Fructooligosaccharides (FOS) are also used as an additive to stevia sweetener products. This insoluble plant fiber is known for its positive impact on friendly digestive bacteria, and may add more benefits to your choice. (17)

Stevia is sometimes combined with other sweeteners, which can also mute the bitterness. One popular brand contains stevia and xylitol, a sweetener with about half the calories of sucrose (sugar).

Since stevia doesn’t have the bulk of sucrose, substituting in recipes can be challenging, but there are now products containing stevia made especially for baking. This adjustment makes it more likely the end-product will be reasonably comparable to the original recipe calling for sugar.

If you have concerns about how stevia products are processed, research the brand you enjoy. Water extraction, along with crystallization and purification, is the most common processing method for making the leap from a green leaf to a white powder. (18)

Liquid stevia is technically a tincture made from plant leaves, so it may be more acceptable to some; it’s often suspended and preserved in alcohol, but water-based tinctures are also available. (19)

Read labels for products containing stevia so you’ll know exactly what you’re buying.

Recap

A natural sweetener with positive effects on blood sugar measurements as well as other health markers is good news for anyone with a sweet tooth.

Summary: If you’re looking for an alternative to white sugar, stevia is one of the best bets you’ll find in today’s health food marketplace.

References:

  1. http://www.livescience.com/39601-stevia-facts-safety.html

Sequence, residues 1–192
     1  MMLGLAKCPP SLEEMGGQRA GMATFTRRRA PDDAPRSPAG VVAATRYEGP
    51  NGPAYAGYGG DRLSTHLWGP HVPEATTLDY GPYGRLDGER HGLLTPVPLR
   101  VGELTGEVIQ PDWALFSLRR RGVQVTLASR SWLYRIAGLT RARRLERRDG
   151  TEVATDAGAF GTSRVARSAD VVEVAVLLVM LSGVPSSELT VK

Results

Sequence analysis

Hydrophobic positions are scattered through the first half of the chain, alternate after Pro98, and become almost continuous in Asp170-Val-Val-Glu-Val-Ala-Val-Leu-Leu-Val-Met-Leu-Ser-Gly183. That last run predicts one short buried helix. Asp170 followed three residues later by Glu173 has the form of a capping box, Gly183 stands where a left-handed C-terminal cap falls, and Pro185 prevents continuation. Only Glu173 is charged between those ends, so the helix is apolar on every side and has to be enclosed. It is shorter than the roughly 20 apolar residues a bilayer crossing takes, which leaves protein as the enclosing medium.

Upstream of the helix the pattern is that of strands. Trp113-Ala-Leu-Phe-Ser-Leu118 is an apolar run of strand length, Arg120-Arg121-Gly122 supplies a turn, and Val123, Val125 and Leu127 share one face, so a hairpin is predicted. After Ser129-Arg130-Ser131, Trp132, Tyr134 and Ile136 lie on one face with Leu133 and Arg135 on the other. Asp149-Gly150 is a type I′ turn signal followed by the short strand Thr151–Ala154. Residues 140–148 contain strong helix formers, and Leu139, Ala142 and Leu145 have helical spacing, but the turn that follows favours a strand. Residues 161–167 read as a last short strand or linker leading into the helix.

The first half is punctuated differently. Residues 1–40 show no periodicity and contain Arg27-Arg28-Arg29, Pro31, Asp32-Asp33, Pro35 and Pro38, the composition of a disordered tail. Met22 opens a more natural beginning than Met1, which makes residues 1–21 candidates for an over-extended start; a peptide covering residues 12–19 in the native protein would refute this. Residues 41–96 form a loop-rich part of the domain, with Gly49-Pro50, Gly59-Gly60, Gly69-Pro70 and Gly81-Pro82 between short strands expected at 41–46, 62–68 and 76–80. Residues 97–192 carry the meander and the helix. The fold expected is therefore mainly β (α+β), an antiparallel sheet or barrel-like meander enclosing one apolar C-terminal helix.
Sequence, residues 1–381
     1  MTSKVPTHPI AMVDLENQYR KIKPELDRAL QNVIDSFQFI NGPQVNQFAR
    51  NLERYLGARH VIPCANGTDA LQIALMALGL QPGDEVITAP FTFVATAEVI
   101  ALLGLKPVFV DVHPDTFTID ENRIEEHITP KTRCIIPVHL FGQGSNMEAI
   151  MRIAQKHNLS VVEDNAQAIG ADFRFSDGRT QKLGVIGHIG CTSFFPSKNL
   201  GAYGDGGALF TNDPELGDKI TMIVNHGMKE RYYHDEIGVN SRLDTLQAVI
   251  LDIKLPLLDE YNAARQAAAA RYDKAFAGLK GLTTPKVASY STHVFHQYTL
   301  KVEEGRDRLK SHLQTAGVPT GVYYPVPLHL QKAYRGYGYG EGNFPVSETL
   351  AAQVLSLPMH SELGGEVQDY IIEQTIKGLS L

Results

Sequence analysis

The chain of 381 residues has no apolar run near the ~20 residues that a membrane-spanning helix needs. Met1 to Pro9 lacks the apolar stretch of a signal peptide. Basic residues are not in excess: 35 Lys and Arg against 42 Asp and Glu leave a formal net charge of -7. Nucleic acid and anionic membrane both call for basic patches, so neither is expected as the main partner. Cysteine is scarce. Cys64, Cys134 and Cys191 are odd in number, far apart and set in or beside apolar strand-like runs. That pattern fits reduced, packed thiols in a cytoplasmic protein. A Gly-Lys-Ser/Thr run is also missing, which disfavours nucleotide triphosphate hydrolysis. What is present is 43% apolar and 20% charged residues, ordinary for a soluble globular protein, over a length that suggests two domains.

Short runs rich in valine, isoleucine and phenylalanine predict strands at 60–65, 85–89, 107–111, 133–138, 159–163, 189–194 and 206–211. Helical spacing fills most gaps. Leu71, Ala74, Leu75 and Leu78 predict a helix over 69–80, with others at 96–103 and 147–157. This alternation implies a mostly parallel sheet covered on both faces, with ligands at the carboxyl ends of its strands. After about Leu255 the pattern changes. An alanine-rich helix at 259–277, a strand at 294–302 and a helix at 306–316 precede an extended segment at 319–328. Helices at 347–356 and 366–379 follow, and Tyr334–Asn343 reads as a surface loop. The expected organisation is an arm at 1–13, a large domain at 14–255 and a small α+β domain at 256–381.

2. http://www.ncbi.nlm.nih.gov/pubmed/14693305
  3. http://www.ncbi.nlm.nih.gov/pubmed/1342842
  4. http://www.who.int/mediacentre/factsheets/fs310/en/
  5. http://www.ncbi.nlm.nih.gov/pubmed/20010904
  6. http://www.sciencedirect.com/science/article/pii/S0026049503003871
  7. http://www.ncbi.nlm.nih.gov/pubmed/10690946
  8. http://www.ncbi.nlm.nih.gov/pubmed/16278783
  9. http://www.sciencedirect.com/science/article/pii/S0163725808001927
  10. http://www.ncbi.nlm.nih.gov/pmc/articles/PMC2900484/
  11. http://www.ncbi.nlm.nih.gov/pubmed/19961353
  12. http://www.ncbi.nlm.nih.gov/pubmed/20370653
  13. http://www.ncbi.nlm.nih.gov/pubmed/10619379
  14. http://www.sciencedirect.com/science/article/pii/037887419501271E
  15. http://www.ncbi.nlm.nih.gov/pubmed/2785472
  16. http://www.healthline.com/health/food-nutrition/is-maltodextrin-bad-for-me#2
  17. http://www.ncbi.nlm.nih.gov/pubmed/20119826
  18. http://www.livestrong.com/article/54052-stevia-processed/
  19. http://renegadehealth.com/blog/2011/08/20/whats-so-bad-about-white-stevia-powder